Like most modern Amateur Radio stations, the ZS2EZ station revolves around a computer and an efficient software setup. Due to IT being my livelihood, this is perhaps more so than most in my case!

The Shack Computer at ZS2EZ is an Intel i5 PC, with  3 hard drives (primary drive is a 1Tb Western Digital) and 8Gb RAM. It feeds 5 monitors (a 24" and 3 23" displays via 2 Gigabyte G210 graphics cards, and an 18.5" display via the onboard Intel graphics port. It also has 3 RS232 ports (one on-board and 2 via a PCI card) running a connection to my Elecraft W2 Wattmeter, my Hal DXP38 and my AEA PK232. There are a number of USB devices connected - an SDRPlay SDR receiver, a MicroHam MicroKeyer II, Kenwood TS-590S, an Encore USB Sound Card, a card reader and a USB 3.0 hub. In addition to the onboard Realtek sound device and the Encore, there is also a PCI CMedia sound card and Logitech USB Headset installed.  A Logitech Webcam and Logitech MK260 Wireless keboard/mouse combo round off the PC setup.

The heart of the software setup is the brilliant DXLab Suite by Dave Bernstein AA6YQ. This is a suite of seven "modules" that work seamlessly together. I use DXKeeper for my logging (including Award Tracking, LoTW uploading, automatic uploading to ClubLog and printing of customised QSL cards), SpotCollector monitors 4 different DX Cluster feeds and Commander provides CAT control of my Kenwood TS-590S. WinWarbler makes use of the Winkey built into my MicroHam Microkeyer to ensure perfect CW, and provides excellent RTTY operation via the MMTTY engine (also maintained and supported now by AA6YQ). Pathfinder allows automatic lookup of station info via QRZ.com, DXView provides Map facilities, beam headings and a Progress Matrix, and Propview provides propagation forecasting. The Suite is run through the DXLab Launcher application, which  checks for updates at launch and allows control of configuration data via it's Workspaces feature. A fantastic suite of software.

The perfect companion to the DXLab Suite is the magnificent MicroHam MicroKeyer II. This provides "virtual" serial ports for CAT control, PTT, FSK keying and CW keying (either via Serial Port or via it's built-in K1EL Winkey chip). There is also facility for secondary CAT, PTT and FSK ports. It also provides connections for a Footswitch, PA and LNA switching and facility to take either a PS/2 keyboard or keypad. It also includes full Voice Keying functions, and can take both microphone and headset connected simultaneously. More detail on this incredible interface can be found here

CW is operated using WinWarbler for keying (it integrates perfectly with the K1EL Winkey in the MicroKeyer II), and either MRP40 or CWGet for receive. Both of these packages have Gateways available to work seamlessly alongside WinWarbler. MRP40 also has the capability of transmitting CW via the Winkey, and there is Winkey support in both FLDigi and MixW.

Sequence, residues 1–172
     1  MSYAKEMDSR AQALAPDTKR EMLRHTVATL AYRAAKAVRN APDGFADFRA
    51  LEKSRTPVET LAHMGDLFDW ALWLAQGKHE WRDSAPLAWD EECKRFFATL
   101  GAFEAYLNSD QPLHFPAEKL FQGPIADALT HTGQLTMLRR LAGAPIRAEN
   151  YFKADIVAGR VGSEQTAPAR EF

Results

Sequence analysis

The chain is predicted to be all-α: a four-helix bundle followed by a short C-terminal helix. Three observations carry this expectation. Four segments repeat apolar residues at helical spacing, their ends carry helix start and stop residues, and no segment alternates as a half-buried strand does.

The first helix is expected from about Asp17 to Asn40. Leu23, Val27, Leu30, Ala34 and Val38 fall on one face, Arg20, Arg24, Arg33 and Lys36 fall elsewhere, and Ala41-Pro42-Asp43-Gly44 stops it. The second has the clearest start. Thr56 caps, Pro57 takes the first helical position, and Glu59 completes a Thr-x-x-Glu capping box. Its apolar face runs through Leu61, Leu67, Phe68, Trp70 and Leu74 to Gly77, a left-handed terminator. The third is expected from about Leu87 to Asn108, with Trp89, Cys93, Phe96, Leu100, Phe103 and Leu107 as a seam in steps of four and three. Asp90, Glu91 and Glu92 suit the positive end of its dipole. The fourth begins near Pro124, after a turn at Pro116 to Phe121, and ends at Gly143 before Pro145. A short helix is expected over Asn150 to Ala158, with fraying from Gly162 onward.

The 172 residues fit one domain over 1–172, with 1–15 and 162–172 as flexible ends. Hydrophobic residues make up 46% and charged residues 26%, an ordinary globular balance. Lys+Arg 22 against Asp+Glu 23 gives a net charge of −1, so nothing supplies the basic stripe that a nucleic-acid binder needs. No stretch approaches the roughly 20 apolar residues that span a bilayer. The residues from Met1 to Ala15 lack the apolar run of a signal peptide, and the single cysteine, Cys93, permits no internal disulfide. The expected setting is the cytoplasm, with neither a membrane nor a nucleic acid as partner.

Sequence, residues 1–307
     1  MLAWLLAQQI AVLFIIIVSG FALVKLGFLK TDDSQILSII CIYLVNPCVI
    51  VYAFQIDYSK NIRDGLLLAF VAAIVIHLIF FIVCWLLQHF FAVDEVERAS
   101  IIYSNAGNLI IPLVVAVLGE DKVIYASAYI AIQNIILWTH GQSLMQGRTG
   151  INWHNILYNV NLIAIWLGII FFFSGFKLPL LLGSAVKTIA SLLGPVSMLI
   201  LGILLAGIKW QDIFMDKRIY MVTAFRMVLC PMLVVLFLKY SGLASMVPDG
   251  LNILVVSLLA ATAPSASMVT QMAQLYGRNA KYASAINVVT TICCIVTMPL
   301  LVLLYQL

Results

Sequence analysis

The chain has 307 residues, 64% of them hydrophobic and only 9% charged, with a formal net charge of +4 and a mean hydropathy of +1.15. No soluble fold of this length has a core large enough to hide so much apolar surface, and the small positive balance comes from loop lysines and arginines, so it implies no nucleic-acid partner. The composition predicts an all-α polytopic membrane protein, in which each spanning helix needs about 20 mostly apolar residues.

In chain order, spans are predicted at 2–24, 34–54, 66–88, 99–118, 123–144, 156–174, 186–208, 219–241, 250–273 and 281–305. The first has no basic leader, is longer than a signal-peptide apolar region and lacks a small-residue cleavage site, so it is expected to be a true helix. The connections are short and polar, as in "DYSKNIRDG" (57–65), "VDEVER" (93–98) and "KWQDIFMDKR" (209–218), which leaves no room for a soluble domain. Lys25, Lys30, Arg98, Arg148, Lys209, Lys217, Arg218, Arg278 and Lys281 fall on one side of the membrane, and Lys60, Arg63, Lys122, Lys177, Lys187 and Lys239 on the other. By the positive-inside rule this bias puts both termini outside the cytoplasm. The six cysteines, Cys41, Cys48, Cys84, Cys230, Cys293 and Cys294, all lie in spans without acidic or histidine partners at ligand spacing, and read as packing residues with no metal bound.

For all other mainstream modes (such as PSK31/63, MFSK, Olivia etc) I make use of either FLDigi or MixW. Both of these packages offer a plethora of modes, and have Gateway software from N2AMG linking them to both Commander and DXKeeper for CAT and Logging facilities. I also have MultiPSK loaded, but find the User Interface very cumbersome.

For the WSJT modes on HF I use either Joe Taylor K1JT's WSJT-X software or the derivative JTDX by Igor,UA3DJY . I have MHSV loaded for VHF use as well. WSJT-X and JTDX combine well with the DXLab suite through VK3AMA's excellent JTAlert software.

For my main operating mode - RTTY - I use WinWarbler to key my Kenwood TS-590S in FSK. Transmission is via the MMTTY engine, and I utilise WinWarbler's built-in facilities to run 2 additional Decoder Panels. WinWarbler has support for the 2Tone software to operate in RX-only mode, and (via a Gateway provided by AA6YQ) I run VE3NEA's GRITTY decoder package in a 3rd window. This setup works VERY well, as both the MMTTY version built into WinWarbler and 2Tone offer selectable Profiles for specific band conditions, and GRITTY has a Smart Decoding mode that works incredibly well. I also have a HAL DXP38 freestanding TNC that I can run via it's proprietary DXPWin software as an additional decoder. This TNC is certainly no slouch at RTTY either, easily able to keep up with the software decoders - particularly under fluttery band conditions.

For RTTY Contesting I make use of N1MM Logger+... For many years I contested actively using the original N1MM Logger, and when I returned to Contesting at the beginning of 2016 I moved over to the new N1MM Logger+. It has been quite a learning curve, but the new version is VERY powerful indeed.  For the 2016 CQ WW RTTY and JARTS contests I ran with 3 decode windows (MMTTY, 2Tone and GRITTY), and during 2017 hope to add the DXP38 as well. Under Contest conditions GRITTY proved to be the best of the 3.... I have also recently added N2IC's Waterfall Bandmap addon to N1MM+, utilising my SDRPlay SDR directly.

During General operation I make use of both Elecraft's W2 Wattmeter software (to give a graphical display of the W2 Wattmeter on my PC screen) and DL9HO's LogPublisher (which automatically uploads each QSO logged in DXKeeper to my HRDLog.net and QRZ.com online Logbooks).

I also have some Free-Standing programs loaded : Winlink Express, Sim-PSK, KGSTV, and FreeDV are all installed but see very little use.

I am currently exploring the various SDR packages to use with my SDRPlay unit : I use HDSDR to run the SDRPlay as a Panadapter along with my Kenwood TS-590S (see description on my SDR Setup Page ), and am also experimenting with SDRSharp, SDRUno and SDRConsole (Ver 3).